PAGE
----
Left with no choice but to take matters into my own hands, I drew inspiration from others who had trodden this path: one enthusiast 3D-printed a case while another used carbon fiber sheets to construct theirs. Impressive feats of CAD skills, craftsmanship, and budget!

3D-printed case by Brazil enthusiast /
3D-printed case by Brazil enthusiast /
case constructed with carbon fiber sheets by Shanghai enthusiast / 傻猫芝麻酱
Case constructed with carbon fiber sheets by Shanghai enthusiast / 傻猫芝麻酱

Faced with my limitations, a solution presented itself in the form of a camping storage box lying around my home—a perfect fit in size and material, easily modifiable for my needs.

Embracing a DIY spirit, I began by drilling ventilation holes, matching the dimensions of a carefully chosen fan:

Ventilation holes for the fan
Ventilation holes for the fan

Proceeding to cut additional ventilation slots and securing the fan and dust filter with screws:

Cutting additional ventilation slots
Cutting additional ventilation slots

The components and drives were arranged within the case and interconnected, with the fan linked to the development board:

All set up, pardon the crude wiring
All set up, pardon the crude wiring

To mitigate potential vibration, I wrapped the mechanical hard drives in non-woven fabric tape. SSD placement was less critical, slotted wherever convenient.

The case, when sealed, compromised airflow, so I opted to leave it open, covered with a dust filter for protection:

Topped with a dust filter
Topped with a dust filter

This NAS found its home beneath my TV stand, conveniently near the router for an easy network connection—a perfect setup.

Home of my NAS
Home of my NAS

Regarding power management and hot-swapping drives? Let’s not sweat the small stuff:

Powering on was as simple as connecting the adapter, and shutdown occurred upon its removal. Given the infrequency of drive swaps, I opted to overlook these nuances.

System Setup

Both the Brazilian and Shanghai enthusiasts recommended the Armbian OS, which, while functional, required additional effort for OpenMediaVault installation and fan speed control via PWM—a prospect that tested my patience.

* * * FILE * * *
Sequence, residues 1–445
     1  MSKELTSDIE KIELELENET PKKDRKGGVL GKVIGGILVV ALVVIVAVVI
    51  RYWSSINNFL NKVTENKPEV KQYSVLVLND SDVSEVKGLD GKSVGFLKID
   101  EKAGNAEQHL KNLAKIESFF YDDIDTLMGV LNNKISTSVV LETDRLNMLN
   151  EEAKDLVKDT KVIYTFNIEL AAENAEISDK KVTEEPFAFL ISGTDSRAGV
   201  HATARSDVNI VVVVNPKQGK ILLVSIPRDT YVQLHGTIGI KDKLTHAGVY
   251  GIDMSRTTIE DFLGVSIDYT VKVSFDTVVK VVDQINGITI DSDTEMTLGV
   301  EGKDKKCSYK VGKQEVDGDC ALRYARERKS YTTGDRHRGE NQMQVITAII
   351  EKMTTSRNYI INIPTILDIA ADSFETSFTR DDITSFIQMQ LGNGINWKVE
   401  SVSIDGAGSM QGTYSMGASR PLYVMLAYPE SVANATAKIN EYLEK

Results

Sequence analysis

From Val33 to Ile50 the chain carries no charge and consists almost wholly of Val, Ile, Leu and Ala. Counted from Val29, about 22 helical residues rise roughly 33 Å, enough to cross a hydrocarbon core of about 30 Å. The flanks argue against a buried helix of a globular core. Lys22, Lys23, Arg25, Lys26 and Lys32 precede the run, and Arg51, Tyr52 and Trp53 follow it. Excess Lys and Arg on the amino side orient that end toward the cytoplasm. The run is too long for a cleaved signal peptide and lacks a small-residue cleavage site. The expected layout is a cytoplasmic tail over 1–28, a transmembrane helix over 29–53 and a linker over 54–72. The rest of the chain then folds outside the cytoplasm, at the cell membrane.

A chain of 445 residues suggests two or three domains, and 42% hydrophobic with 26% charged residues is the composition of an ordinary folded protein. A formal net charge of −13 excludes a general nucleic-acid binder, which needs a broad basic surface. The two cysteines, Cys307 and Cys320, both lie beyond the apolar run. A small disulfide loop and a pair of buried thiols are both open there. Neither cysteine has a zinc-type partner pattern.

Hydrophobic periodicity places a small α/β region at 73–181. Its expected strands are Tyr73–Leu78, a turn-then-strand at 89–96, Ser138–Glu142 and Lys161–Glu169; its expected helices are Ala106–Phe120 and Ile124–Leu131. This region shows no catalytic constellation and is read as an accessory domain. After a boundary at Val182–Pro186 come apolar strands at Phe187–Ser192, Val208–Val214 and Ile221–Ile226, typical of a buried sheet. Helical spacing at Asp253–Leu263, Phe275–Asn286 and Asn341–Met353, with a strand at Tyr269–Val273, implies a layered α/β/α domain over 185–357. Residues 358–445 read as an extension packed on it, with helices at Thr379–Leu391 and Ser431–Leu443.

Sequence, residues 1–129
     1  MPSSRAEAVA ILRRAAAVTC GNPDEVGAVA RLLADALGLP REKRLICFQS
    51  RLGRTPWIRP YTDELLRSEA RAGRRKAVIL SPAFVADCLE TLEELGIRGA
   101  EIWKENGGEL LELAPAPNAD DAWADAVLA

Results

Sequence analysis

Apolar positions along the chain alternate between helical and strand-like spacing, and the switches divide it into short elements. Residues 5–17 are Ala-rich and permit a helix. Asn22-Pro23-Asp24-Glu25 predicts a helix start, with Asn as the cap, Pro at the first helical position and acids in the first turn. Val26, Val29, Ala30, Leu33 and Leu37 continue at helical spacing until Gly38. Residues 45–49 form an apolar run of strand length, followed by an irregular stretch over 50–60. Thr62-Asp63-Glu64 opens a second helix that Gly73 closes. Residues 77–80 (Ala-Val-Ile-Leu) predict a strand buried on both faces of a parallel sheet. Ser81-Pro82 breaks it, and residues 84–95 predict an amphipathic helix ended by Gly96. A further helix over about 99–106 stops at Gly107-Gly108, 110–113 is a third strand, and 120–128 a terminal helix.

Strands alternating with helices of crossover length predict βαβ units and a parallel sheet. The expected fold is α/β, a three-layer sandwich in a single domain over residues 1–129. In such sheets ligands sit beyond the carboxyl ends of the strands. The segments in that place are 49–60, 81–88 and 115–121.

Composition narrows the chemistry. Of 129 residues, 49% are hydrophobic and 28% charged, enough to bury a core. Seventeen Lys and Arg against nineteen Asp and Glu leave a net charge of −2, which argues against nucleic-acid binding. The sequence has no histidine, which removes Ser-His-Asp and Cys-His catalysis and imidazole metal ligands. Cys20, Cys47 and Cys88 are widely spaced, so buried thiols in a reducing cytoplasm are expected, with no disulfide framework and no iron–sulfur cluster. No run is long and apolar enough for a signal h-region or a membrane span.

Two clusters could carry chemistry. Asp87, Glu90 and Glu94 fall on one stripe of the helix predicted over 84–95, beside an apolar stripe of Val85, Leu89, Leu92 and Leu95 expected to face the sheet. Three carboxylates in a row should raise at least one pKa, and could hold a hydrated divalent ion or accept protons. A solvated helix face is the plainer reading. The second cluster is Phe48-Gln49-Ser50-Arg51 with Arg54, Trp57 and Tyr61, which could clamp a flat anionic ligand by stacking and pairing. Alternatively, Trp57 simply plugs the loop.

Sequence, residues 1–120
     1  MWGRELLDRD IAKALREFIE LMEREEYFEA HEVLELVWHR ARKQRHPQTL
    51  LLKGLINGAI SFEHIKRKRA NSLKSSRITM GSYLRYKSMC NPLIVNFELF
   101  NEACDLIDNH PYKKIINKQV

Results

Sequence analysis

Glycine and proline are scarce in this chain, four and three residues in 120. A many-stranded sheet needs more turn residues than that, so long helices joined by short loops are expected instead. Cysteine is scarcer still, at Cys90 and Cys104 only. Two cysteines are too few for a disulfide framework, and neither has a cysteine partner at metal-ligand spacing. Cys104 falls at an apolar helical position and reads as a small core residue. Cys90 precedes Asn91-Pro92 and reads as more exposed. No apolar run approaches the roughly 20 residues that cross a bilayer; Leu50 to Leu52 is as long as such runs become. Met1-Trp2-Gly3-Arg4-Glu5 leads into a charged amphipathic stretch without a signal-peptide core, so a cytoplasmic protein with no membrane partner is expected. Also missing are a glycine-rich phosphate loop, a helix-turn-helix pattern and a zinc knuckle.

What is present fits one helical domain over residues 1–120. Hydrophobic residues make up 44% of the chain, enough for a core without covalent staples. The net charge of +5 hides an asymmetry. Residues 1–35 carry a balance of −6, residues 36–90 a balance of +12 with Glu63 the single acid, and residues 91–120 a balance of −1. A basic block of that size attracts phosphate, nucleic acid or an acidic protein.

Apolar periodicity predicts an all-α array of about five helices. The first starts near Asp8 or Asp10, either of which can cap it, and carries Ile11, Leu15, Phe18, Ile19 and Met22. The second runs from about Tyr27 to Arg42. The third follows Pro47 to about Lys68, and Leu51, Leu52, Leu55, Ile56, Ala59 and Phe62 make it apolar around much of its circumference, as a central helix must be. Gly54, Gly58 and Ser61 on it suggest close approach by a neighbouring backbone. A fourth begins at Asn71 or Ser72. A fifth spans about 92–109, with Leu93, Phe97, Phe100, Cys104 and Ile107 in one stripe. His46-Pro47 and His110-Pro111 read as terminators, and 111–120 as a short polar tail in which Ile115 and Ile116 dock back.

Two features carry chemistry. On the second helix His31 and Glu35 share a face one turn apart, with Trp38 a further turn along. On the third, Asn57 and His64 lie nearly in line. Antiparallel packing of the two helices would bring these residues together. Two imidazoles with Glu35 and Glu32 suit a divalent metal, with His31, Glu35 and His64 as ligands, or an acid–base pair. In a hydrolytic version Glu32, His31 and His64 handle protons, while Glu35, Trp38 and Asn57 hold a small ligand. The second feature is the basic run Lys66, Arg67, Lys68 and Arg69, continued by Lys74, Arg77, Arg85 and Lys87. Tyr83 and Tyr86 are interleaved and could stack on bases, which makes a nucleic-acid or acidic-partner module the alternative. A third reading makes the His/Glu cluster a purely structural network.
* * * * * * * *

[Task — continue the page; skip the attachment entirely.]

Fortunately, the developer documentation highlighted an all-in-one Debian image, prepackaged with OpenMediaVault and Docker, and even pre-configured for PWM fan speed control based on temperature—a dream come true for someone looking to minimize setup hassles.

The perfect solution

The performance of the budget-friendly fan was surprisingly adequate. Under normal conditions, it operated quietly, and during CPU-intensive tasks, it managed to keep temperatures below 65°C(149°F).

Once the system was up and running, I felt right at home with Debian. I installed a suite of useful applications to maximize the utility of my NAS:

  • Immich: An excellent repository for years of photos and videos, offering interesting insights over time through facial recognition and geolocation sorting. It also supports automatic backups from smartphones when connected to home WiFi.
  • aria2 with a web interface: Ideal for downloading various resources. Given the NAS’s low power consumption and always-on nature, it can download large files unobtrusively over extended periods.
  • Kodi: Installed on the TV and smartphones for streaming downloaded content within the home network.
  • Tailscale: Creates a private network over the public internet, allowing remote access to the NAS or sharing resources with friends, regardless of location.
  • Restic: Provides an additional layer of security by encrypting and backing up essential files to the cloud.

The NAS also runs custom scripts that cater to my specific needs, underscoring the device’s versatility as a Linux server.

Here’s a snapshot of the download speeds, showcasing the board’s capability to fully utilize my internet bandwidth:

GeoIP indicates this Microsoft CDN server is in the same city as me
GeoIP indicates this Microsoft CDN server is in the same city as me


The assembly of this NAS spanned nearly two months, largely due to waiting for deliveries, replacing incorrect components, and deliberating over various options.

The completion brought immense satisfaction and this post marks the end of this adventure, but stay tuned for future endeavors!

The quest for tinkering continues